7x50 vs 8x56 Binoculars for Astronomy & Daytime Surveillance

Which is Best? Part of the BBR BinoWars Series, in this article I take an in-depth look at the main differences between 7x50 vs 8x56 Binoculars with examples, full reviews and recommendations to help you choose the best binocular for your particular needs, be that for astronomy at night or daytime surveillance uses like wildlife observation, hunting, birding, security, survival, and even marine uses.

However, before diving in, it is imperative that you completely understand what we mean when we refer to an 8x50 and 7x50 binocular (or indeed any other configuration), if not, first take a moment to read my guide to what the Numbers Mean on a Binocular.

When it comes to binoculars that have larger than “standard” objective lenses, yet magnifications that are still fairly moderate, two of the most talked-about are the 7x50 and 8x56 configurations.

Main Differences

Size & Weight

Larger lenses directly influence the size (outer dimensions) and as a result also somewhat indirectly to the overall weight of a binocular as larger lenses not only require more glass to make them but also larger bodies to hold them in, which obviously also requires more material to make.

Therefore it is understandable that most 8x56mm binoculars are going to be bigger and heavier than an equivalent 7x50mm.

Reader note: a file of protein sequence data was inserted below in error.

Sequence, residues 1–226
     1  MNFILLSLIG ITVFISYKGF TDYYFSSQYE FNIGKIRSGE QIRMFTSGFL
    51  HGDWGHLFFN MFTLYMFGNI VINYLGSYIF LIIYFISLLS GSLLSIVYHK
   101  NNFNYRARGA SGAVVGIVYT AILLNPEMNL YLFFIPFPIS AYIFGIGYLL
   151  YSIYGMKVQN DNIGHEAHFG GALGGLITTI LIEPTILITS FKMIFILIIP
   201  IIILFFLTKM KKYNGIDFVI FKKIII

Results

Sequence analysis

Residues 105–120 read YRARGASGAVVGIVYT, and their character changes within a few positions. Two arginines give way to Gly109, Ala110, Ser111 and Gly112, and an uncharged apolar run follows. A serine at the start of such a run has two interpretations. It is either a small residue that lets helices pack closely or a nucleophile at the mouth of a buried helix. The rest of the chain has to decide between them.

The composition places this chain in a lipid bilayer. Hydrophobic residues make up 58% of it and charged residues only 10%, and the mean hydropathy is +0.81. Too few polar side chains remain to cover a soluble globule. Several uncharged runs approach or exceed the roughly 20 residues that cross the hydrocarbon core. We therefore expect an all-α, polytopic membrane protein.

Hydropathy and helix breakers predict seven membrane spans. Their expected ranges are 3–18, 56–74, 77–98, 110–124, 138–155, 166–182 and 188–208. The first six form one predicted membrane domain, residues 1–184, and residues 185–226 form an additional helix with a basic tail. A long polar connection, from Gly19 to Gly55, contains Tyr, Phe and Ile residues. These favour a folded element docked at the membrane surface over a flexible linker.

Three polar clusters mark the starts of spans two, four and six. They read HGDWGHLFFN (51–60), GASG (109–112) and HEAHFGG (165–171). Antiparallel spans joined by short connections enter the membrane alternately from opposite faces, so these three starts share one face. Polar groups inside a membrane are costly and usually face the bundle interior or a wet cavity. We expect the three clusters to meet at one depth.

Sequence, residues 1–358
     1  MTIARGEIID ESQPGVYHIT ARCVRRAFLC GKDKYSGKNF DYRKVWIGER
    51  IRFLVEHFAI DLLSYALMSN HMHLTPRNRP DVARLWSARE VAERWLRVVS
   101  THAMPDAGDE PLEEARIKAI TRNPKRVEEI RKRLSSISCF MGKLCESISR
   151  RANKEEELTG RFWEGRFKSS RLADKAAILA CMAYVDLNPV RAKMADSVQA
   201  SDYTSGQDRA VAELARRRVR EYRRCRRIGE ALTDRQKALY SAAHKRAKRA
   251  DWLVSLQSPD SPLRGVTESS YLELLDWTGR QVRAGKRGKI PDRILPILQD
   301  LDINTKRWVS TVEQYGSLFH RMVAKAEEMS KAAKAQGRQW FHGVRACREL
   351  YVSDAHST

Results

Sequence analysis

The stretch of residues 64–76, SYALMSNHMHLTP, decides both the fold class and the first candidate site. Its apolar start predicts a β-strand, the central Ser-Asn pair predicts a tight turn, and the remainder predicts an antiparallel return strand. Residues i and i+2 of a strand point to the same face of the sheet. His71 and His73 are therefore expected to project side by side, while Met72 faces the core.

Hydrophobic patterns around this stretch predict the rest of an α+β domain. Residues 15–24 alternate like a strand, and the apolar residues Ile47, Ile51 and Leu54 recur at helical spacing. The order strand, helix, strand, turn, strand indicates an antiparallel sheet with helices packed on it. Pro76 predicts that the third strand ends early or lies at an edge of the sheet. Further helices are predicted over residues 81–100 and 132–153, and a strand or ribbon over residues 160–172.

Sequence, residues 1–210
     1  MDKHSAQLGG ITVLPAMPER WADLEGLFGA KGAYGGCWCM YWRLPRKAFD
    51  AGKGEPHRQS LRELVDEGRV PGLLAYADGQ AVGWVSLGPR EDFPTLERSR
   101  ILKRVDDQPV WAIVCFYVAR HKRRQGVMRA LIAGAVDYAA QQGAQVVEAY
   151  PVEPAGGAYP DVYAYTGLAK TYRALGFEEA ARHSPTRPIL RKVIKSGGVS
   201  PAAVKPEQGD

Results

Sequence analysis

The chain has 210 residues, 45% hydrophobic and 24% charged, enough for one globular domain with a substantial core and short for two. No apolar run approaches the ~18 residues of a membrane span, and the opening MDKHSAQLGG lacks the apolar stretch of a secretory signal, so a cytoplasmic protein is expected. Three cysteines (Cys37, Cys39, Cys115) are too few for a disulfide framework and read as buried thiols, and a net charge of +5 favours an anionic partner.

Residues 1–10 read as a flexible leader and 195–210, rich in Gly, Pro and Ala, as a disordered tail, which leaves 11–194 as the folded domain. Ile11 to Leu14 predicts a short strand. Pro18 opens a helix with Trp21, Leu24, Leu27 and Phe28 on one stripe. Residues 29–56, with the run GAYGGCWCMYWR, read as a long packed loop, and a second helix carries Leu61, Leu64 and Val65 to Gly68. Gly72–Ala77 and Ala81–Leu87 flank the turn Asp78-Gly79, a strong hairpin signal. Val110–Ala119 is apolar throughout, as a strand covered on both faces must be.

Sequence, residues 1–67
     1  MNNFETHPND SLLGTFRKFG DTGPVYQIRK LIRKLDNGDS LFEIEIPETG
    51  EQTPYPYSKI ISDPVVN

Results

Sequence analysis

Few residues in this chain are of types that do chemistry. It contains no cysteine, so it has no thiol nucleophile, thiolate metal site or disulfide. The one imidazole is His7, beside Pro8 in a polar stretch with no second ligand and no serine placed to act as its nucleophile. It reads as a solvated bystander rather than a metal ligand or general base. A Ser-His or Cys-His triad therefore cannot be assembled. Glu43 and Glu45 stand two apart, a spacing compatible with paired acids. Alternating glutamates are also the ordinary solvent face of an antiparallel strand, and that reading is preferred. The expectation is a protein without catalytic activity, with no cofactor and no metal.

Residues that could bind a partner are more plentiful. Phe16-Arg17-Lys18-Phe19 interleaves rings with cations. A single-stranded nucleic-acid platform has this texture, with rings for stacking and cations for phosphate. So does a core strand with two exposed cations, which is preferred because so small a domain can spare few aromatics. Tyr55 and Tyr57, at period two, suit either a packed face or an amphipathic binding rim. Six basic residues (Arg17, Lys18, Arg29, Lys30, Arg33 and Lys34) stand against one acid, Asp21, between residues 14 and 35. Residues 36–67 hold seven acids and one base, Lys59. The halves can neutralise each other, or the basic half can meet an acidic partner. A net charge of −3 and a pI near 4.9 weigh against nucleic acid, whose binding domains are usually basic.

How Much Difference?
In the sentence above I highlighted the word equivalent firstly because a cheap 8x56 binocular manufactured using a polycarbonate plastic as the main material for the chassis, eye-piece housings, eye-cups and focus wheel is very likely going to weigh less than a high-end instrument using magnesium and other metals for these components.

Likewise, a 7x50 Porro prism binocular can have larger dimensions than an 8x56 Roof prism design. Thus it is important to compare like-for-like.

If we do, I have found that whilst there is a difference, the discrepancy in sized and weight between the two is really not that massive and it is easy to mix them up, or assume they have the same configuration before looking more closely at the details.

Indeed, as you can see from the table above, once you have made the decision to step-up from a “standard” 42mm binocular I would not be too worried about the variation between 50mm and 56mm instruments that is unless you are right at the edge of what you deem to be your maximum acceptable size and weight.

Although here I would just like to add a caveat: For uses like “hand-holding” astronomy where you are holding the binocular for long periods at an uncomfortable angle, for some users, the small weight increase that you get with a 56mm binocular may be worth keeping in mind.

Large 56mm Objectives on the Steiner Nighthunter 8x56 Binoculars
Large 56mm Objectives on the Steiner Nighthunter 8x56 Binoculars